longer period than in all the circumstances of the case is reasonable.
Unless such person is released by reason that no charge is to be brought
against him, he shall, as soon as possible, and without undue delay, be
brought before a magistrates’ court having jurisdiction upon a charge of an offence.”
It is apparent that no fixed time has been laid down for lawfully keeping an arrested person in custody. Detention following a lawful arrest only becomes unlawful when it is no longer reasonable in all the circumstances of the particular case.
C.E.L. BECK J.A.
In the instant case the respondent was promptly released when the investigating officer failed to make contact with the complainant and was therefore uncertain whether a charge would be brought against the respondent. The only basis upon which it might be found that he was detained for a period that was longer than was reasonable in all the circumstances of the case would be if it were proved that the police were in a position to have done on Wednesday the 7th of October everything that was done on Thursday the 8th of October. There was however, no evidence to that effect and it was not shown what the circumstances were on the Wednesday, the day following his lawful arrest.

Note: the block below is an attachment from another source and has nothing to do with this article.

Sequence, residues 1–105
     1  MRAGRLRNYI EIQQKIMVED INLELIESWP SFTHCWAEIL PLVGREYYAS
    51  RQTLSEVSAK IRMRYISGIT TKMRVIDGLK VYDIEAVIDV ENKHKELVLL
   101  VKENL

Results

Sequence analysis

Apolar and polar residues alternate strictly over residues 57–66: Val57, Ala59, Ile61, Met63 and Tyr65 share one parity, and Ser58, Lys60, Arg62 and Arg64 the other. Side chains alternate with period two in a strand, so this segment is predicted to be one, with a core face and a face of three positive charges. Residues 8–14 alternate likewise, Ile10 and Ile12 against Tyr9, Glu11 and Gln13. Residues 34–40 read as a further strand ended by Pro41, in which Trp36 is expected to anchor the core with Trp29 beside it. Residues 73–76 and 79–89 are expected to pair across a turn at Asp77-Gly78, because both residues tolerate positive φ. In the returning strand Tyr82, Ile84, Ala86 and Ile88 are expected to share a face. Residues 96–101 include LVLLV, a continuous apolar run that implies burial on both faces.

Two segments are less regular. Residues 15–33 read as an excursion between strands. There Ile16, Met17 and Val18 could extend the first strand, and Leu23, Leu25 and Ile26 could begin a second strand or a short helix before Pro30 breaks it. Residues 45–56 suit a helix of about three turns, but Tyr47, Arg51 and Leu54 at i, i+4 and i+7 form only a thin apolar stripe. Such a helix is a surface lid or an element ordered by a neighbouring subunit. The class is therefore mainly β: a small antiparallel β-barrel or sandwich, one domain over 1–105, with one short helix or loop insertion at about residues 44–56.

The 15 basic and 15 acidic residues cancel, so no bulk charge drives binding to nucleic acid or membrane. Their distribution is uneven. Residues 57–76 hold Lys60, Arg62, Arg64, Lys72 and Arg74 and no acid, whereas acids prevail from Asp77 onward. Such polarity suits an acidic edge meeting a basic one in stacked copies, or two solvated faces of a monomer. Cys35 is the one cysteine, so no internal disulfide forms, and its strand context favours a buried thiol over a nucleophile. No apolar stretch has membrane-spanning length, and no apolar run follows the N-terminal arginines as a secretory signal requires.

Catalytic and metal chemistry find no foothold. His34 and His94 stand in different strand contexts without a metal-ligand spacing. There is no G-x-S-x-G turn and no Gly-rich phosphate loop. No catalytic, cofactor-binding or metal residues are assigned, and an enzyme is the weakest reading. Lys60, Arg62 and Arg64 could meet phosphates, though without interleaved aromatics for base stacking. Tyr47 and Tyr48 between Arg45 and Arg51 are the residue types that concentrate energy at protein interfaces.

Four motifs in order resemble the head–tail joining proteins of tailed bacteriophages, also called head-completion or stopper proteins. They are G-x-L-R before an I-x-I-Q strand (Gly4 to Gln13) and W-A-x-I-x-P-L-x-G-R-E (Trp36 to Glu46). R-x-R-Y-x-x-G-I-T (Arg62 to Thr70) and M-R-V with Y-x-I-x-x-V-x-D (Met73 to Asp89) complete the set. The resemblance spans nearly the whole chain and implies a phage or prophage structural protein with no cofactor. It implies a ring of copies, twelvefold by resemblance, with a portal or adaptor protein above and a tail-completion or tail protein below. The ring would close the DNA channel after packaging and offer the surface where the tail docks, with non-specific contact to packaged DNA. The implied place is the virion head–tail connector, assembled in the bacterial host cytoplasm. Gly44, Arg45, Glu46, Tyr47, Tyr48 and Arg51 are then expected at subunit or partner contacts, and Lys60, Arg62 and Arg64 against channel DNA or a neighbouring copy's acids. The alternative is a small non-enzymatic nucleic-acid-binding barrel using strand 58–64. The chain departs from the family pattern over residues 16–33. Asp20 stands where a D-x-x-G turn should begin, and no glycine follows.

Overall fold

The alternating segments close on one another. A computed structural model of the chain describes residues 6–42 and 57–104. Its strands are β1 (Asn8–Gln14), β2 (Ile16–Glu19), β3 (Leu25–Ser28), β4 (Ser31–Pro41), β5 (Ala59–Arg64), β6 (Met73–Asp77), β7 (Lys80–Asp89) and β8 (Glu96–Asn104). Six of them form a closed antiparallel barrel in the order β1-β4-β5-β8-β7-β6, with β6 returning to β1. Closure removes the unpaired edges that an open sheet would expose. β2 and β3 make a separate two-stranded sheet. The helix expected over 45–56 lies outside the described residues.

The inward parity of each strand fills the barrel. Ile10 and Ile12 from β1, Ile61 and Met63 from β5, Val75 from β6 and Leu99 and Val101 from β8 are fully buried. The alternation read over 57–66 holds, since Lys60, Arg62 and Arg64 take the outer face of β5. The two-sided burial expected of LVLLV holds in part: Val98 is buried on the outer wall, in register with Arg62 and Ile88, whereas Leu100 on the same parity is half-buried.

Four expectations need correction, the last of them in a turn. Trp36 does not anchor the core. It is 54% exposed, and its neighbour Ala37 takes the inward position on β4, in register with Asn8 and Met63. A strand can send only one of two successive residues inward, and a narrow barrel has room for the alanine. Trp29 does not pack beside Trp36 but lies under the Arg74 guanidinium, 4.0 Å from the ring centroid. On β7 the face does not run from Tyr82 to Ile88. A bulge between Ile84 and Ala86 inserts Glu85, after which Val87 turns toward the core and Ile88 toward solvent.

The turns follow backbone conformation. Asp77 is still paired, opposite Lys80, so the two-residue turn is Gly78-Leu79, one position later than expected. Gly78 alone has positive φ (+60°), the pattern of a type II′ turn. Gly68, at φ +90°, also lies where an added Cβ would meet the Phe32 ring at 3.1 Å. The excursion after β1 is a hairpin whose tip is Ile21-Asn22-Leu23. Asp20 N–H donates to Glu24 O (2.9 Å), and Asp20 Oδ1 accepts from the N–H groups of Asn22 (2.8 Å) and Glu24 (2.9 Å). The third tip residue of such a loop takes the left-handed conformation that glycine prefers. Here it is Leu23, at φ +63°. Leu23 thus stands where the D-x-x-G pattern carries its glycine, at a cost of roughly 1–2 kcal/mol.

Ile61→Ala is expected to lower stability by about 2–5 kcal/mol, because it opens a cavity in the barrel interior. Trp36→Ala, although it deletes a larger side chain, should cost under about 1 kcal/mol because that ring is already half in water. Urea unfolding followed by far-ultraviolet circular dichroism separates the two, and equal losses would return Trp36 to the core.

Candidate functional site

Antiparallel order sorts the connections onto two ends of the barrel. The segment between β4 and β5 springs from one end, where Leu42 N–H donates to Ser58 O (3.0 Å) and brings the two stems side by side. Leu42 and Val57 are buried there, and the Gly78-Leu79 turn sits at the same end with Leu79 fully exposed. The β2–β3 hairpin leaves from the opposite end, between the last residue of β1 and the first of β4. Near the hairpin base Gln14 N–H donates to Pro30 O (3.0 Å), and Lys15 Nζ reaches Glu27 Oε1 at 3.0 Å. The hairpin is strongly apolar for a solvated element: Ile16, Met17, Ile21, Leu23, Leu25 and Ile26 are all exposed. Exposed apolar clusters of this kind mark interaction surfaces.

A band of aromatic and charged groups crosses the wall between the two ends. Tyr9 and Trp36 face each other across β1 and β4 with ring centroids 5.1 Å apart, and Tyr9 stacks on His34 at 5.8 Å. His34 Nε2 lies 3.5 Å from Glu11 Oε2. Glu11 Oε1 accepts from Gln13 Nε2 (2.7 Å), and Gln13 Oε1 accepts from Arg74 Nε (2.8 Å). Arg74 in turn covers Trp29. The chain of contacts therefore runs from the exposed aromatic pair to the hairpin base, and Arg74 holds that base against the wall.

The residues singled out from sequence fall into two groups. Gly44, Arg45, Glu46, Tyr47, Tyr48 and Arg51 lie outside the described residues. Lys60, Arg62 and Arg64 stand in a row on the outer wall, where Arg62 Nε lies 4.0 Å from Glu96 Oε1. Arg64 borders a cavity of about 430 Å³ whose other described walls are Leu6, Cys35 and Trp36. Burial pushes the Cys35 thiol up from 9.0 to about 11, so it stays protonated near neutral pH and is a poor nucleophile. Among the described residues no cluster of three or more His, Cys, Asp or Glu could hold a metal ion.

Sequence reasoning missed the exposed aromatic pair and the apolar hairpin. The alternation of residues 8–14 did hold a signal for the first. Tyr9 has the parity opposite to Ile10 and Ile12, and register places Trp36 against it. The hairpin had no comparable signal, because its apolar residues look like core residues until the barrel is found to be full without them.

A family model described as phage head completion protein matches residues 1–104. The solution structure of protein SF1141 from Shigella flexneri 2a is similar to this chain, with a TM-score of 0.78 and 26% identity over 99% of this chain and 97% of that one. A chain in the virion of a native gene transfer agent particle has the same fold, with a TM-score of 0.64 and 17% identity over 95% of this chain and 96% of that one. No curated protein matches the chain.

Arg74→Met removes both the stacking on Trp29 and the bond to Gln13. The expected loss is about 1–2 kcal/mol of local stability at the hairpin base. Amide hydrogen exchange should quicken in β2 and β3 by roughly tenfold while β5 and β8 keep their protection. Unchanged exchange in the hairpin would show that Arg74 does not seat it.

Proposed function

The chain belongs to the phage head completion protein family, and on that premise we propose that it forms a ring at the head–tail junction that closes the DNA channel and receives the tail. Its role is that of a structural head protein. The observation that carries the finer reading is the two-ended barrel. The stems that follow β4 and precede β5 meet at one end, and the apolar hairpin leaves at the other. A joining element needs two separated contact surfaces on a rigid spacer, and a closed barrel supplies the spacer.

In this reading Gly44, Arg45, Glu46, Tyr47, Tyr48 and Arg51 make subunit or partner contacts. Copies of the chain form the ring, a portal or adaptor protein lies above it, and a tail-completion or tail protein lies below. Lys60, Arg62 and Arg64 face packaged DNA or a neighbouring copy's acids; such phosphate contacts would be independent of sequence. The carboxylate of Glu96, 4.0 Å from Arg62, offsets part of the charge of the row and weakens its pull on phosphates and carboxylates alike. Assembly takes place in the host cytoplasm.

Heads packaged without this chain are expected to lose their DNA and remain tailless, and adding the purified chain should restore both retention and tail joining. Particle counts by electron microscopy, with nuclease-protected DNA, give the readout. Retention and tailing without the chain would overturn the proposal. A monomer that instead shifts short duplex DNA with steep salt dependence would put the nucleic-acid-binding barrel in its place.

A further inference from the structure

On behalf of the respondent Mr Magagula submitted that it was unreasonable to have detained him at all if he was to be charged with nothing more serious than common assault.
At the time of his arrest however the information gleaned from the complainant and from the security guard who caught the respondent may well have resulted in a decision to charge the respondent with the much more serious offence of attempted robbery and there was every reason to arrest him and detain him for investigation.
The finding that the detention of the respondent was unlawful, based as it was on the misdirection of fact that the detention lasted for three days, is set aside. The trial court should have found that the respondent failed to prove that by the time he was released on the 8th October, 1998 he had been detained for a period that in all the circumstances of the case was unreasonable.
Accordingly the appeal succeeds with costs, the orders made by the court a quo are set aside and the following order is substituted;
It is ordered that there be absolution from the instance and the plaintiff is to pay the costs.
J. BROWDE J.A.
N.W. ZIETSMAN J.A.
Delivered on this ………..day of November 2002